Last week, NJH was part of a group of hospitals who were invited by the Christian Medical College, Vellore to look into snake bites and their management . . .
I leart quite a lot of things. It was a privilege to rub shoulders with who’s who in herpetology. Romulus Whitaker, Gerry Martin, Dr. Oommen V Oommen, Dr Bawaskar, Dr Punde . . .quite a lot of big names in the field.
Yesterday, I was talking to my staff in Community Health and Development about how fast we draw conclusions without looking into evidence.
Over the last month, I had put up the post on the clientele we serve at NJH. And later something about neurocysticercosis and their cause. Regarding the former topic, quite a good number of our staff thought that we serve a higher number of poor. I got quite a number of feedback about the ‘new information’ they received in the post on neurocysticercosis.
The common aspect about snakes and snake bites are the myths that surround them.
Couple of the myths that I harbored for long were given the boot after the meeting.
The first one . . . I was under the impression that a venomous snake bite late in the night or early daybreak would be less venomous compared to a bite in the evening. The reason . . . the snake would have already spent it’s venom on a prey and therefore a lesser amount only would be available to inject into the next victim. The same logic applying to snake bites on two consecutive victims by the same snake. The second victim would have lesser venom injected thereby causing lesser envenomation in the second victim.
The venom is the saliva of the snakes. Even after a biriyani, you’ll continue to secrete saliva if there is ice-cream after that. Similarly, the snake would continue to secrete the venom irrespective of the fact whether it had a prey before biting a victim.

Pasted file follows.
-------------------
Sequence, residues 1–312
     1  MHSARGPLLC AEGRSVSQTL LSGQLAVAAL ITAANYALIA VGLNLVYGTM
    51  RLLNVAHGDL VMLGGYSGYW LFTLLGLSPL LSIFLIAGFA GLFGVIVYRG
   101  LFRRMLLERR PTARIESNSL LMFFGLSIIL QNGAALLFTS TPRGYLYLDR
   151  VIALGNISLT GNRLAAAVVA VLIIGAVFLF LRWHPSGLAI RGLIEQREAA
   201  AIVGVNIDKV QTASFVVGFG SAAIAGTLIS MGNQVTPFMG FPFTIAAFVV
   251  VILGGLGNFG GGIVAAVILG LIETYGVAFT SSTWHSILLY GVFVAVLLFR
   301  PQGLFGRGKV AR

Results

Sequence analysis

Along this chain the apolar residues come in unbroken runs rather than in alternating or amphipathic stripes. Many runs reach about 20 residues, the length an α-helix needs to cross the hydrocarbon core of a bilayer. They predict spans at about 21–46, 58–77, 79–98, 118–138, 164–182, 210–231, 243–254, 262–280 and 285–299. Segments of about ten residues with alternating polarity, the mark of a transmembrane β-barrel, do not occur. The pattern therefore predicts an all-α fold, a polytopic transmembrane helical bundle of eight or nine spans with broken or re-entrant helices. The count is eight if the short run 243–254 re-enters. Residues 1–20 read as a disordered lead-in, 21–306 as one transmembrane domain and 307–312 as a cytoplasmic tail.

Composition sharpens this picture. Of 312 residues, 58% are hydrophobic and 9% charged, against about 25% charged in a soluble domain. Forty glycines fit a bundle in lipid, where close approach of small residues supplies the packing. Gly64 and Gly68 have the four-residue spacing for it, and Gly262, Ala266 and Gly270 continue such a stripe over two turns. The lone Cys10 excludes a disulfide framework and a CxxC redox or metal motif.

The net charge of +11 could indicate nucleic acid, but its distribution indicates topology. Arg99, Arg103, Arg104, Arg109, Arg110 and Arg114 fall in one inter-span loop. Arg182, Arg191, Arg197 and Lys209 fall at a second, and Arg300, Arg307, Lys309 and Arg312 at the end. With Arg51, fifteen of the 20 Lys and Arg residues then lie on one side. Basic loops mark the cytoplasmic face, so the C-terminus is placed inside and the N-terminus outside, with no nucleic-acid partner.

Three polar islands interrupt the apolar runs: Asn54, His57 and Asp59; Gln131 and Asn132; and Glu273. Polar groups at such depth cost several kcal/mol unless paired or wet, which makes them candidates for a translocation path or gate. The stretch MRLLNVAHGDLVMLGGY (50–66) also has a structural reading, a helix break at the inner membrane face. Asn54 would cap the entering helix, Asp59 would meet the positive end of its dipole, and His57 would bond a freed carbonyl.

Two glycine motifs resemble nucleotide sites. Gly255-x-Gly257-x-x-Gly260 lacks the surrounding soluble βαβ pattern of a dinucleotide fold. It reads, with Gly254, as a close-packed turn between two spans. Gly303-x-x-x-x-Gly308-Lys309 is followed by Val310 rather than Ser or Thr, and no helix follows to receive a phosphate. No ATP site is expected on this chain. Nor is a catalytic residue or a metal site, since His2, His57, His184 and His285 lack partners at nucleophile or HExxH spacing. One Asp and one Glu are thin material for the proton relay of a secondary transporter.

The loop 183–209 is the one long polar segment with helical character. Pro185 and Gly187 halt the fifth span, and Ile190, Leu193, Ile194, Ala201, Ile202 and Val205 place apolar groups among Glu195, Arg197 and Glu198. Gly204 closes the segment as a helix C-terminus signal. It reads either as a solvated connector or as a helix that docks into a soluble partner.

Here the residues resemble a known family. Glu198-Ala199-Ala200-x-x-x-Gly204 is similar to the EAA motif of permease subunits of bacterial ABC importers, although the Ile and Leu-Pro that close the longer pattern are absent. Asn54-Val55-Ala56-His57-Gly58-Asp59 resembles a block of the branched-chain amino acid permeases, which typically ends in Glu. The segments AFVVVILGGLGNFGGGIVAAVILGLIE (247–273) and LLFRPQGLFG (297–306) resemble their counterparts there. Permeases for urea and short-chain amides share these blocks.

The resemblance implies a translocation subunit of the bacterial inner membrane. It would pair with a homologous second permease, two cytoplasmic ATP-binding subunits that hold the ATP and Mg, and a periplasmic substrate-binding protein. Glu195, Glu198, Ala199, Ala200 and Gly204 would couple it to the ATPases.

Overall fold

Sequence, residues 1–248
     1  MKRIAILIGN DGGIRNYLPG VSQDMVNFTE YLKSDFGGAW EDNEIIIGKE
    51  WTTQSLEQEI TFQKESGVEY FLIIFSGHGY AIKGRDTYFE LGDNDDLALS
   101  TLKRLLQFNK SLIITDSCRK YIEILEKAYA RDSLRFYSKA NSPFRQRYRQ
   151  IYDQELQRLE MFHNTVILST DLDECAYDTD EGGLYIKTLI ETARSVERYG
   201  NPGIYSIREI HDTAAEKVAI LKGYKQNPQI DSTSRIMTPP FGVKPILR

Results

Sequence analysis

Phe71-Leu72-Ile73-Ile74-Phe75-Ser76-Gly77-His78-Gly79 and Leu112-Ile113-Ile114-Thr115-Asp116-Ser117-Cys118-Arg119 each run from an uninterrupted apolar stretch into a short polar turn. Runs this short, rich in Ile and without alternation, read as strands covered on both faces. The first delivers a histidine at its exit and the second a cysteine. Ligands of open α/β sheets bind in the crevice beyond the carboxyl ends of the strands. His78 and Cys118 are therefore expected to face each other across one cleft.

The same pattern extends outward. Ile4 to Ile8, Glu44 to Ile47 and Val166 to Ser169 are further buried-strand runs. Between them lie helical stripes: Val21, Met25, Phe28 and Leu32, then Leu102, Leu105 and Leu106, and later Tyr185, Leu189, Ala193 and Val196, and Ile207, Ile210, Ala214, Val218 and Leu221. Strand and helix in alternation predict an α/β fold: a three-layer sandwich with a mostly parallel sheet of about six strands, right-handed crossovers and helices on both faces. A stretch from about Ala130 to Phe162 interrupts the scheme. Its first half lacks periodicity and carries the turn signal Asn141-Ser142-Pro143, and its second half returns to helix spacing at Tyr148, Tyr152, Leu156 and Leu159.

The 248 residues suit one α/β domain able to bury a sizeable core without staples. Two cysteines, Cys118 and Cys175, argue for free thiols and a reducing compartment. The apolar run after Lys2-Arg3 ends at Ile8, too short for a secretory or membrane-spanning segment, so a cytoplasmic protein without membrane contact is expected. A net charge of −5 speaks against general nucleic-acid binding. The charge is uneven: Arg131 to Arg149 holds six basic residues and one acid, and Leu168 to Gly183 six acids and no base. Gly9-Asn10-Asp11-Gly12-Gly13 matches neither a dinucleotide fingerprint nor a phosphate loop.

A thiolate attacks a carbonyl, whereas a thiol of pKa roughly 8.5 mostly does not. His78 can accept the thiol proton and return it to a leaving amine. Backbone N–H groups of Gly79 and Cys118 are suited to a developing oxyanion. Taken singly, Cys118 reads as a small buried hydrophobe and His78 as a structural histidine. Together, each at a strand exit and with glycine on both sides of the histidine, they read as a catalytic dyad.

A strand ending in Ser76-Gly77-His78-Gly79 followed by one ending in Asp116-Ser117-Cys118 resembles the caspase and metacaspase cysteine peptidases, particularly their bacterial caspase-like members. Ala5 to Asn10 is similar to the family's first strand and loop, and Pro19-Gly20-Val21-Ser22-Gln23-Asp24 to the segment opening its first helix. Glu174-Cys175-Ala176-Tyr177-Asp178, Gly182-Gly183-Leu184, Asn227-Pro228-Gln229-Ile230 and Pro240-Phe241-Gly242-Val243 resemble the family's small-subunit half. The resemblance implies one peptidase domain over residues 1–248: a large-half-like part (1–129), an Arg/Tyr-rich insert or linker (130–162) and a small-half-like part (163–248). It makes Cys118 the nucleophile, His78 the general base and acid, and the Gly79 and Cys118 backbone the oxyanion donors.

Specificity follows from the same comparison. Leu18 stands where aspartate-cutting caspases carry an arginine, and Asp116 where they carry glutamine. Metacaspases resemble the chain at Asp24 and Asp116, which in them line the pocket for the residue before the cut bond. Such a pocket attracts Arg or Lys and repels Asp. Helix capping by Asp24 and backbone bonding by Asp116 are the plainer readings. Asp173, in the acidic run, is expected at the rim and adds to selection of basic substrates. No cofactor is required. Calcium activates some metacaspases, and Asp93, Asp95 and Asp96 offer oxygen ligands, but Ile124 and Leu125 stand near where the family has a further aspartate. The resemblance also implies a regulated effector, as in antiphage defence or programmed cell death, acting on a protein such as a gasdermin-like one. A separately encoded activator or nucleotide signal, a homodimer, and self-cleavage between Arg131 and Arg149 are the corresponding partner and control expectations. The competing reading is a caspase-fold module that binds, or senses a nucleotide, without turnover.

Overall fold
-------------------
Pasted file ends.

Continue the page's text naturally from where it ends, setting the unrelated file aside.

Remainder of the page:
The second one . . . a non-poisonous snake in your backyard means no poisonous snake in the same area. Absolutely wrong. Any snake seen means more snakes in the area. It was reported that it is not uncommon for a venomous and non-venomous snake to share the same hole!!! I remember someone tell me that it is not good to kill a non-venomous snake as it’s place in the habitat may be taken by a venomous one.
There is nothing like a territory for a snake. . . the way they have for tigers etc.
The third one . . . which is quite frightening. I used to believe that use of chemicals such as phenol would help keep out snakes. And after we had couple of snakes inside the house during our first year at NJH, we’ve not seen them inside after we started to regularly use phenol to wipe the floor. In fact, there is no evidence to support the fact that snakes dislike phenol. However, snakes don’t like clean places. They love dirt and areas with things like papers, leaves etc. piled up. The fact that snakes are not entering the house is because of cleanliness that accompanies a daily wipe with phenol and not the smell of the chemical.
However, the best ones . . .
Kindly see the snap below. The blue bordered regions are places where a proper taxonomy of existing snake species has not been done. Quite an exciting thing for mission hospitals in North India such as ours as we can be base for quite a lot of work on getting to know more about these creatures.
The final straw . . . The snap below. Kindly note the thing written in red. This is the number of vials of antivenom that will neutralise the maximum possible venom that is injected during a bite of the concerned snake.
The question is now going to be about how WHO has come up with a protocol of 20 vials to be used for any sort of snake bite. . .For units such as NJH, this has major implications . . . as a low dose protocol should theoretically be enough to salvage viper and krait bites . . .
We’re quite excited of the future . . . we could be part of path-breaking research on snake bite syndromes and their management.
Pray for us . . .